Wednesday, April 22, 2009

Your Jimmy Choos aren't.

27. The Towering World of Jimmy Choo: A Glamorous Story of Power, Profits, and the Pursuit of the Perfect Shoe, by Lauren Goldstein Crowe and Sagra Maceira de Rosen

Jimmy Choo, the shoemaker, hasn't had anything to do with Jimmy Choo, the shoes, for quite a while now. That's what this book is about - the way a small, artisanal shoemaking company catering to a select group of wealthy women was turned into an international luxury ready-to-wear brand featured on television and the red carpet.

One of Mr. Choo's customers was a young woman named Tamara Yeardye, a socialite with business in her blood. She saw the potential of the business, and used her social and business connections to raise the funds to capitalize on it. Convincing Mr. Choo, though, was even harder, but she did. The saga of Jimmy Choo (the company) is a microcosm of the world of start-ups, IPOs, leveraged buyouts, private equity firms, all the pieces that made up the financial picture of the late '90s and early 2000s. And it's also the story of some very powerful personalities, and how their personal lives and scandals affected the company.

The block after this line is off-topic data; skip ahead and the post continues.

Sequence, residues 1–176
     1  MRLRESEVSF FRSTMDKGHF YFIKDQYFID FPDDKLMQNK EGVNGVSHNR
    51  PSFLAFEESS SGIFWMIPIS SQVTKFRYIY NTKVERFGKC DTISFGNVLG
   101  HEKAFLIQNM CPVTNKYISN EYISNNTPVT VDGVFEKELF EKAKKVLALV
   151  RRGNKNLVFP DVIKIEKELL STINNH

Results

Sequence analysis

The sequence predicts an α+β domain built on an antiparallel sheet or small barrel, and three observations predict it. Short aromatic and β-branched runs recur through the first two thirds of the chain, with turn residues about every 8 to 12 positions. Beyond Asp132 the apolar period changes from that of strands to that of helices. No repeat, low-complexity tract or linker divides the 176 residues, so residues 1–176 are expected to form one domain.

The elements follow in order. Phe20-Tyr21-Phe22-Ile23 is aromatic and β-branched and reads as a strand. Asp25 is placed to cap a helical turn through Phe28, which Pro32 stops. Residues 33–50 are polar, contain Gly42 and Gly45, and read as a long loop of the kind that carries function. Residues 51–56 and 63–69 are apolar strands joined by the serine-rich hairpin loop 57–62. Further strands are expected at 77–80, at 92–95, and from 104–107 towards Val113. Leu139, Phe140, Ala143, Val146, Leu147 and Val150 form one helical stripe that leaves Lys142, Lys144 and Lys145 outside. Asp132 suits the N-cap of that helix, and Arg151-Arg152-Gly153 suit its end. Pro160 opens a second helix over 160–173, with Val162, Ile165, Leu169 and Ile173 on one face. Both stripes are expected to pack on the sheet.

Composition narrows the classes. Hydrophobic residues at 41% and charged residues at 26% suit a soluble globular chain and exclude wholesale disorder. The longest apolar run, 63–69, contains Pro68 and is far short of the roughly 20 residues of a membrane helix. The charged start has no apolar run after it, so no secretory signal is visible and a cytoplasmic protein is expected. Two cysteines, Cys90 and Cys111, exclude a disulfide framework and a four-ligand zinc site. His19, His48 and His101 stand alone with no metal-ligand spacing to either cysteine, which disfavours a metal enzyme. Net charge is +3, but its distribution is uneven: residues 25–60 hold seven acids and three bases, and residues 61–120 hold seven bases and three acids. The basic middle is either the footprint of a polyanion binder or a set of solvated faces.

Honestly, I wasn't sure I was going to like this book. The blurbs, and certainly the first chapter, read like a gossip magazine. But slowly and inexorably I was drawn in by the vivid way the authors describe the financial machinations, the growth of the company through multiple sales, the dealmaking. It's easy to be misled by the initial portrait of Tamara Yeardye Mellon posing in "cleavage and stiletto shoes" by her nude photograph. Despite her social butterfly image, and the very real scandals she was involved in, she is one smart, driven and ambitious cookie.

The authors are, respectively, a journalist specializing in fashion and luxury goods, and an equity analyst and founding partner of a private equity firm. It's not difficult to tell who wrote what, and the way in which the book bounces back and forth between Yeardye's personal pecadilloes and high finance is a bit distracting. Kudos, however, to Ms. Maceira de Rosen for explicating complicated financial dealings in a way that makes them clear and understandable to the lay person.

The story of Jimmy Choo is, to me, a sad one. True, he is now a wealthy man as the world measures wealth. But he and his niece (who had worked with him in his shop but now works with Yeardye Mellon) do not speak. And the man who, with his art and careful craft, made the beautiful shoes that first attracted Yeardye's attention now cannot use his own name without someone else's consent.

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